that support the greater accuracy of computerised prognoses for bladder cancer compared to
those made by doctors, has been presented to the American Association for Cancer Research
by Professor Raouf Naguib of Coventry University.
Addressing the 90th Annual Meeting of the Association in Philadelphia, Raouf Naguib,
Professor of Biomedical Computing, outlined research that he and his team have conducted
into the use of computer software incorporating neural networks, to produce prognoses for
patients with bladder cancer.
The capacity of artificial neural networks to recognise complex patterns within data
and to analyse large numbers of variables has already been used in to provide prognoses
for conditions such as back pain, infertility and prostate cancer. However, this is the
first time that this technology has been applied to bladder cancer.
The disease is the fourth most common cancer among American men, with a similar
incidence among men in Britain. Until now, accurate methods of predicting how the disease
will progress, the likelihood that tumours will recur, and the survival rate of patients
with the disease have all been lacking.
Coventry University researchers used data from 210 patients with newly-diagnosed
bladder cancer, and trained the artificial neural networks to analyse it for 15 markers,
including gender, age, tumour stage and grade, and epidermal growth factor.
They then asked four experienced consultant urologists to make prognoses on the same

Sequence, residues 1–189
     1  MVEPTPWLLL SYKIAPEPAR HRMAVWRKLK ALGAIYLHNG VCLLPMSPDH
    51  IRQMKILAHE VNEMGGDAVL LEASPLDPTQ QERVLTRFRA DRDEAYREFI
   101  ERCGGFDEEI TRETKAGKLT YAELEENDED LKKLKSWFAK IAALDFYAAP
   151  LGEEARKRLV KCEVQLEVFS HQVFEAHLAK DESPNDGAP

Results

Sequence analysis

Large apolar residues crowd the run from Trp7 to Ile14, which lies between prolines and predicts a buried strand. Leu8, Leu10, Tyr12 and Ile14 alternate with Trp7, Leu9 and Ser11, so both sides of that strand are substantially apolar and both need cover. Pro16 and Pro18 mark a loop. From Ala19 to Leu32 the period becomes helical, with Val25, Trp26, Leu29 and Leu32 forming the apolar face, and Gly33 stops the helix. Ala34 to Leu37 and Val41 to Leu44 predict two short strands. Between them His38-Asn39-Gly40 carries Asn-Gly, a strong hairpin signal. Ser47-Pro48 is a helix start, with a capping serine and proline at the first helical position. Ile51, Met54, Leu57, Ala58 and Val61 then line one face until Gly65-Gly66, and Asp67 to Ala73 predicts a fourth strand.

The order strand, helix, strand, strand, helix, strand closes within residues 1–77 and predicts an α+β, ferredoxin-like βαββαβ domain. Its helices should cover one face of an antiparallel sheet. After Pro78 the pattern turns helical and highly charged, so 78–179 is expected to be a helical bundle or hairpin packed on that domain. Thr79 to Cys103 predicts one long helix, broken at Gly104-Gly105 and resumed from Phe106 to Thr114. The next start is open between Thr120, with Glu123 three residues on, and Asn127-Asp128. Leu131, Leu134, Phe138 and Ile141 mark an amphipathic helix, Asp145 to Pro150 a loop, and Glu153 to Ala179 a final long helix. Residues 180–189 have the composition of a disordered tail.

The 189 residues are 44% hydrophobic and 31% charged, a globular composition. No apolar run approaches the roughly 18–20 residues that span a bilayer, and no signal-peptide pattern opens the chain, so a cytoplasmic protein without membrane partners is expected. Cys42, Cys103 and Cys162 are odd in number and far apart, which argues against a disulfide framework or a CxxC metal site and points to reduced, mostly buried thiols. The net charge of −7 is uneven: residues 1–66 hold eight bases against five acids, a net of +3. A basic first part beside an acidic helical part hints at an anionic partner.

data, and compared their predictions with those of the neural network. The results showed
that the more accurate prognoses were produced using neural networks.
For patients with superficial cancer, the prognosis of the progress of the disease
produced by the neural networks was 80 per cent accurate as opposed to 74 per cent for the
When asked if a patient with advanced cancer would be alive in a years time, the
neural networks were 82 per cent accurate, compared to only 65 per cent for the
urologists. In those patients the five-year survival rate is usually around 50 per cent,
so the level of accuracy achieved by the neural networks could make a huge difference to
those individuals affected.
Professor Naguib believes that neural networks will become an important tool for
doctors in years to come, but warns of their limitations.
"The decision-taking of the neural networks takes just seconds", he explains,
"but training it takes weeks or months and requires a large amount of data."
He admits the findings are promising but states: